Sister's dismay at NHS doctor who left family to join Islamic State in Syria
The sister of an NHS doctor who fled from his family in the UK to join Islamic State in Syria has said their parents "will never forgive him".
Najla Abuanza spoke out following reports her brother Issam deserted his wife and two children from Sheffield in 2014 to join the militant group.
The revelation was unearthed in Islamic State recruitment documents leaked to the BBC.
Ms Abuanza told the broadcaster: "He used to be quite the dashing young man, very modern. I've no idea how he became like this or who showed him the path to terror.
"My dad's wish was to see him before he dies. He has spent all his money on him and his education and this is what he does."
Dr Abuanza, 37, gained his medical licence in 2009 and is believed to be the first NHS doctor known to have joined the Islamic State, according to the BBC.
He posted "God bless this act of terrorism" on his Facebook page on the day of the Charlie Hebdo attacks in Paris on January 7 last year.
The attacks at the headquarters of the satirical magazine saw 12 staff members gunned down by two Islamists shouting "Allahu akbar".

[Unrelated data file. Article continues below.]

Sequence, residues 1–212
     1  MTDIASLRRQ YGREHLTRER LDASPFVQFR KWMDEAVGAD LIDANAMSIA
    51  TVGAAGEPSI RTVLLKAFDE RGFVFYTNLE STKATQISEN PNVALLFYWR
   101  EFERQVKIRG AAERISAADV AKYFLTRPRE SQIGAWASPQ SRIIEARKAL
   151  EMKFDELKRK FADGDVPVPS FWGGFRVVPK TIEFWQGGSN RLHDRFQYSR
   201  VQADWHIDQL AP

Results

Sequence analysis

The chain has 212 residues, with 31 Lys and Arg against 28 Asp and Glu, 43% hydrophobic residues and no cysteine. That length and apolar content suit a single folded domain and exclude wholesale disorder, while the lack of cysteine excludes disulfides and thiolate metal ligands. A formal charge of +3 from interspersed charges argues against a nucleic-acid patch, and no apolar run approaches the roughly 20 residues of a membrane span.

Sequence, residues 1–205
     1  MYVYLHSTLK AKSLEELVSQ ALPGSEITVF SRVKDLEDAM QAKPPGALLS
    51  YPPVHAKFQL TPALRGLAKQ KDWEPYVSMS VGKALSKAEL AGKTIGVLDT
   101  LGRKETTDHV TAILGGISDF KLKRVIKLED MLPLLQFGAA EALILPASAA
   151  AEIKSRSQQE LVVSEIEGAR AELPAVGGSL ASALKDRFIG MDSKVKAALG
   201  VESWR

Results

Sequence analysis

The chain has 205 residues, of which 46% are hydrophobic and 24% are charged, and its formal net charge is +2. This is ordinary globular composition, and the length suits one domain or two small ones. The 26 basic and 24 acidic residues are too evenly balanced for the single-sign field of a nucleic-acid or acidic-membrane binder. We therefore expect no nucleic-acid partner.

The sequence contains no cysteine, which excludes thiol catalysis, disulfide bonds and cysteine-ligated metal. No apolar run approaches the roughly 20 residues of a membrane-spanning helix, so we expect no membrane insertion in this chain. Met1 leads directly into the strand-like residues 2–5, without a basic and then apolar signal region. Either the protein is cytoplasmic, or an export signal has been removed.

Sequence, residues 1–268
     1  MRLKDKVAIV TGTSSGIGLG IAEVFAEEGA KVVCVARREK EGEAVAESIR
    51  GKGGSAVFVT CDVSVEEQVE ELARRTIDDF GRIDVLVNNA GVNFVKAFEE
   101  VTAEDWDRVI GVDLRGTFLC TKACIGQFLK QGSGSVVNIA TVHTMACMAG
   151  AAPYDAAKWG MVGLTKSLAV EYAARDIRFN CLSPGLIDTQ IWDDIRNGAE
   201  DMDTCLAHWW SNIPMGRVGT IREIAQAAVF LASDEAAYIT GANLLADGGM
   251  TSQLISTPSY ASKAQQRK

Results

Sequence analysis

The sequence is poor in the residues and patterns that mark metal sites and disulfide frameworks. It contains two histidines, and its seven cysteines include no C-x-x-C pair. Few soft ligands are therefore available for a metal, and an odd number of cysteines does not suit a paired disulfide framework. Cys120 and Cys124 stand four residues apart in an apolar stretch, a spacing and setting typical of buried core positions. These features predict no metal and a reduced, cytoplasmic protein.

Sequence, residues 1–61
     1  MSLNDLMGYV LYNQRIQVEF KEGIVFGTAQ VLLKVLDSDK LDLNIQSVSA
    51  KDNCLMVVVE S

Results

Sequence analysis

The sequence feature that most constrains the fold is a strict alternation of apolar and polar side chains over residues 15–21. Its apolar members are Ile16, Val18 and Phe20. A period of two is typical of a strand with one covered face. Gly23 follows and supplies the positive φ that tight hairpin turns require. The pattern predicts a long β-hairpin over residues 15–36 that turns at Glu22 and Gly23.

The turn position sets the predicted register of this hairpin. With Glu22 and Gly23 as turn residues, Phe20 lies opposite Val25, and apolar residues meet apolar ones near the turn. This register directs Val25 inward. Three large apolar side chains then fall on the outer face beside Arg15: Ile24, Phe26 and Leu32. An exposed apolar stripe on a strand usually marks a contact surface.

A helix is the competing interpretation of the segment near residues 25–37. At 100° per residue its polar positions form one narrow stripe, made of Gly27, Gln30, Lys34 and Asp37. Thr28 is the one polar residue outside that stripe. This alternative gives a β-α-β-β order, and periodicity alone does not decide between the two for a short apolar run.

Dr Abuanza described the US as "godless" in another post made on the social media site.
One photo posted appears to show him reading the Koran while cradling an automatic rifle.
Another apparently shows him posing in doctors' scrubs with a pistol holster slung over one arm.
The Palestinian worked at Scarborough hospital between October 2012 and August 2013, according to the BBC.
Scarborough and Whitby MP Robert Goodwill told the Press Association: "It's shocking that someone who has worked to save lives in the NHS is now promoting one of the most murderous and horrific regimes.
"We read about how young Muslim men are being indoctrinated by the Islamic State but this man was a qualified doctor, proving that even those who are very intelligent can be hoodwinked."
The Transport Minister stopped short from speculating that Dr Abuanza could be among many other professionals to have joined IS.
"I hope not, the majority of Muslim people I have met are very sensible," he added. "This is a perversion of their religion."
Mr Goodwill does not recognise Dr Abuanza's name but says they could have crossed paths when he visited Friday prayers held at the hospital.